Project Implementation in High-Risk Regions – Santa Monica Mountains

Department: Santa Monica Mountains Conservancy

Program Description: The Santa Monica Mountains Conservancy prioritized wildfire resilience projects that proactively reduce the risk of wildfire, strengthen wildfire resilience, increase carbon sequestration, rally against the effects of climate change, and dedicate more resources to local community infrastructure.

Program Impact: In 2022, the Conservancy coordinated with partner agencies, non-profit organizations, local tribes, and other stakeholders to kickstart projects that performed one or more of the following types of wildfire resilience activities.

Wildfire resilience activities included:

  • Removing dry, hazardous, or non-native vegetation that poses ignition risk and habitat restoration
  • Increasing the efficacy of wildfire response through emergency operations equipment and workforce development
  • Ignition monitoring program
  • Fire hardening at-risk structures

Conservancy wildfire resilience efforts, initiated in 2021 and sustained throughout 2022, addressed major wildfire hazards in the Santa Monica Recreation Area. State funding supported projects that mitigate hazards posed by fuel-vegetation, human actions, and at-risk structures. Investment in workforce development and capacity building in climate, fire resilience, and habitat restoration further enhanced wildfire prevention and emergency response operations. Ongoing project efforts will continue to reduce wildfire risk throughout the 2023 fire season and following years.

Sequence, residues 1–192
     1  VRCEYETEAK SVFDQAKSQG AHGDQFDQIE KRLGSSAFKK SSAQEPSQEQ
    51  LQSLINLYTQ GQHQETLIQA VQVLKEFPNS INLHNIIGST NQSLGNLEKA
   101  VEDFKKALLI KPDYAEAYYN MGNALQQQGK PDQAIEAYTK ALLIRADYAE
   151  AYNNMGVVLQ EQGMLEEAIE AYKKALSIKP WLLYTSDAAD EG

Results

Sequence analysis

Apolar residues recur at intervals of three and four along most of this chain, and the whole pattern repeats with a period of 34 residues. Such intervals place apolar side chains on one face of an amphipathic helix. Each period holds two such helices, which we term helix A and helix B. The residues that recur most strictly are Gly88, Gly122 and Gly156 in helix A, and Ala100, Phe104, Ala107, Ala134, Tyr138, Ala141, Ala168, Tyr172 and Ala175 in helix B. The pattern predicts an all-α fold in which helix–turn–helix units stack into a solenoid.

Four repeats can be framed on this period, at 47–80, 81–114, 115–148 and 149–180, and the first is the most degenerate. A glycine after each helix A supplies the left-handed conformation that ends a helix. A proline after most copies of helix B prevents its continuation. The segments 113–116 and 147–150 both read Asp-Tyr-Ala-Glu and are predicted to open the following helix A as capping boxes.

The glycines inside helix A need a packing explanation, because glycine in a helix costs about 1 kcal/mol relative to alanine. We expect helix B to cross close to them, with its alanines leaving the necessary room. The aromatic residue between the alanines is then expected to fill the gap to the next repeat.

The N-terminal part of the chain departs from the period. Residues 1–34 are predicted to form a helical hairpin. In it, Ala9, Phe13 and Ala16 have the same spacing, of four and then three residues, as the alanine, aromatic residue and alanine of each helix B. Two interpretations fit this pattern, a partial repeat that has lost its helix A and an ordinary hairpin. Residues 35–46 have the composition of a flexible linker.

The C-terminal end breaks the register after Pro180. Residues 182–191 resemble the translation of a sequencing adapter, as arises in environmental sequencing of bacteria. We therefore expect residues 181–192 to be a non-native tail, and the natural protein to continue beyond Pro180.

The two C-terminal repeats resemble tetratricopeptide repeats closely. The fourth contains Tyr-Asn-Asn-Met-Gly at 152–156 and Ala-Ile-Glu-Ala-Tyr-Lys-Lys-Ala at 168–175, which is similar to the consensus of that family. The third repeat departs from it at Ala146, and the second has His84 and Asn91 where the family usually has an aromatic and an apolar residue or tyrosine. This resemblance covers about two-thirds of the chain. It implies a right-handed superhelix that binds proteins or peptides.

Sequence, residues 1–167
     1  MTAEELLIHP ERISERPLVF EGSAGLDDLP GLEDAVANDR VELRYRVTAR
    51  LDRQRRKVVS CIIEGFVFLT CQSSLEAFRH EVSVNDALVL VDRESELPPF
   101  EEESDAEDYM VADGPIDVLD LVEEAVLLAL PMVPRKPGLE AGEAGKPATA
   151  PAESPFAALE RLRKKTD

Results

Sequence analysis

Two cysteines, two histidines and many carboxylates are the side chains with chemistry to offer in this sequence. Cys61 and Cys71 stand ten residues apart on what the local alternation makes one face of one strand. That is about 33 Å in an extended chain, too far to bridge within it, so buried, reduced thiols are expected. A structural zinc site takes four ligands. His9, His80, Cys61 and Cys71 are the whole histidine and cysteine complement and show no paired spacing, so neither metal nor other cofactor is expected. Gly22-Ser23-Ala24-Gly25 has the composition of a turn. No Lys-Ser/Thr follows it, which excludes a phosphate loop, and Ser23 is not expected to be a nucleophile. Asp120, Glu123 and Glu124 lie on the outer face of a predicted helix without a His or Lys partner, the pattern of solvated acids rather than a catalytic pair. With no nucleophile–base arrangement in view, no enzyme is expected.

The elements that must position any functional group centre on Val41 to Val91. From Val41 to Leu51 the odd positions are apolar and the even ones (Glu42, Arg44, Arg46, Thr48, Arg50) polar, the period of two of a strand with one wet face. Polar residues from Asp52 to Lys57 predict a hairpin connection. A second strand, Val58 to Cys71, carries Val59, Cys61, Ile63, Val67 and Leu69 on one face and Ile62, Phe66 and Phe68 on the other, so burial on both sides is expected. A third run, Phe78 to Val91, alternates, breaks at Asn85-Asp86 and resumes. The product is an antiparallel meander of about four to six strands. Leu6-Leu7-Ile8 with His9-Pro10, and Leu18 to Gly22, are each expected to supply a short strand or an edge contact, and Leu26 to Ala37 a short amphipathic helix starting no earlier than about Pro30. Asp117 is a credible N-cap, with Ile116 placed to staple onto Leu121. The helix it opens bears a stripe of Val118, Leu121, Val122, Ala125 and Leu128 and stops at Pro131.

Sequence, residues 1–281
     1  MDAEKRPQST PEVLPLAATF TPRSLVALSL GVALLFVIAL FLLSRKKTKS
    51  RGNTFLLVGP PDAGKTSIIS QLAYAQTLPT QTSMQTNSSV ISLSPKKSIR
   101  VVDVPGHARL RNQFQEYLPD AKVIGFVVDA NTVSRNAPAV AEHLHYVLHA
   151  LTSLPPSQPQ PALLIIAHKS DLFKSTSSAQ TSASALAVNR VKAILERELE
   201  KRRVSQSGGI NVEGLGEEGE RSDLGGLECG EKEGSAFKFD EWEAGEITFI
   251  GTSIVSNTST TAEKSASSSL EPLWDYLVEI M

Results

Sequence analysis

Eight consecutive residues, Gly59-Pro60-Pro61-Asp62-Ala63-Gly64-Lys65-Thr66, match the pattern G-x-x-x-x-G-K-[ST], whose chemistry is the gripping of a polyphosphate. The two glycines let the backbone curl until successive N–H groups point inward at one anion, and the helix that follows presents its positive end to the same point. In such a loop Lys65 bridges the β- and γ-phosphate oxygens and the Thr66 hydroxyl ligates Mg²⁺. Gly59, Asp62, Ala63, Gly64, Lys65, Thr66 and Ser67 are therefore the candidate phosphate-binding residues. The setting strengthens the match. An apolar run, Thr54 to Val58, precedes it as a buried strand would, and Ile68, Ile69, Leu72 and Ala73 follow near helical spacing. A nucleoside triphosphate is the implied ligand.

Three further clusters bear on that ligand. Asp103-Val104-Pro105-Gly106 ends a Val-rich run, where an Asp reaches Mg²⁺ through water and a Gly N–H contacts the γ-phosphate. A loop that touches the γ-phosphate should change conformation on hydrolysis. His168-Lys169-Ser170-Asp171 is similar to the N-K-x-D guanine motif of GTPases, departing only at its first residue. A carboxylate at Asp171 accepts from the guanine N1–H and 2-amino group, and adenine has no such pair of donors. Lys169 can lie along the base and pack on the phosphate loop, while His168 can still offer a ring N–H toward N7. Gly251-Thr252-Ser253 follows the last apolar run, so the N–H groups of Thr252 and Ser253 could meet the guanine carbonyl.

Backyard with a view of a green hill and rainbow
Native plants at Elyria Canyon Nursery to be installed at habitat restoration sites
Brush Side of the Road
Before and after photos of completed fuel reduction treatments (mowing) to reduce flammable, flashy fuels in strategic locations of the Santa Monica Mountains.

Resilience in Action: Fuel reduction along the ignition-prone highway 101 corridor continued in 2022, and as of January 2023, approximately 2,000 fire-resistant oaks have been planted at five key sites. In the coming years, fire-resistant oak habitat will replace the existent grassy fuel vegetation and serve as a natural fire buffer around the freeway. Funding for workforce development supported an expanded crew of seasonal firefighters in the Fire Division of the Mountains Recreation and Conservation Authority who received basic and advanced fire training classes, drills, and fuel vegetation removal.

Three People Standing on a Fire Road with Newly Planted Trees Around them
Roadside vegetation management and oak habitat planting project to reduce ignition risk posed by nearby US Highway 101
Back of a Rangers truck with Ranger and other
New portable water pumps installed on daily patrol vehicles in conjunction with water tanks and fire hoses allow rangers to respond to fires on patrol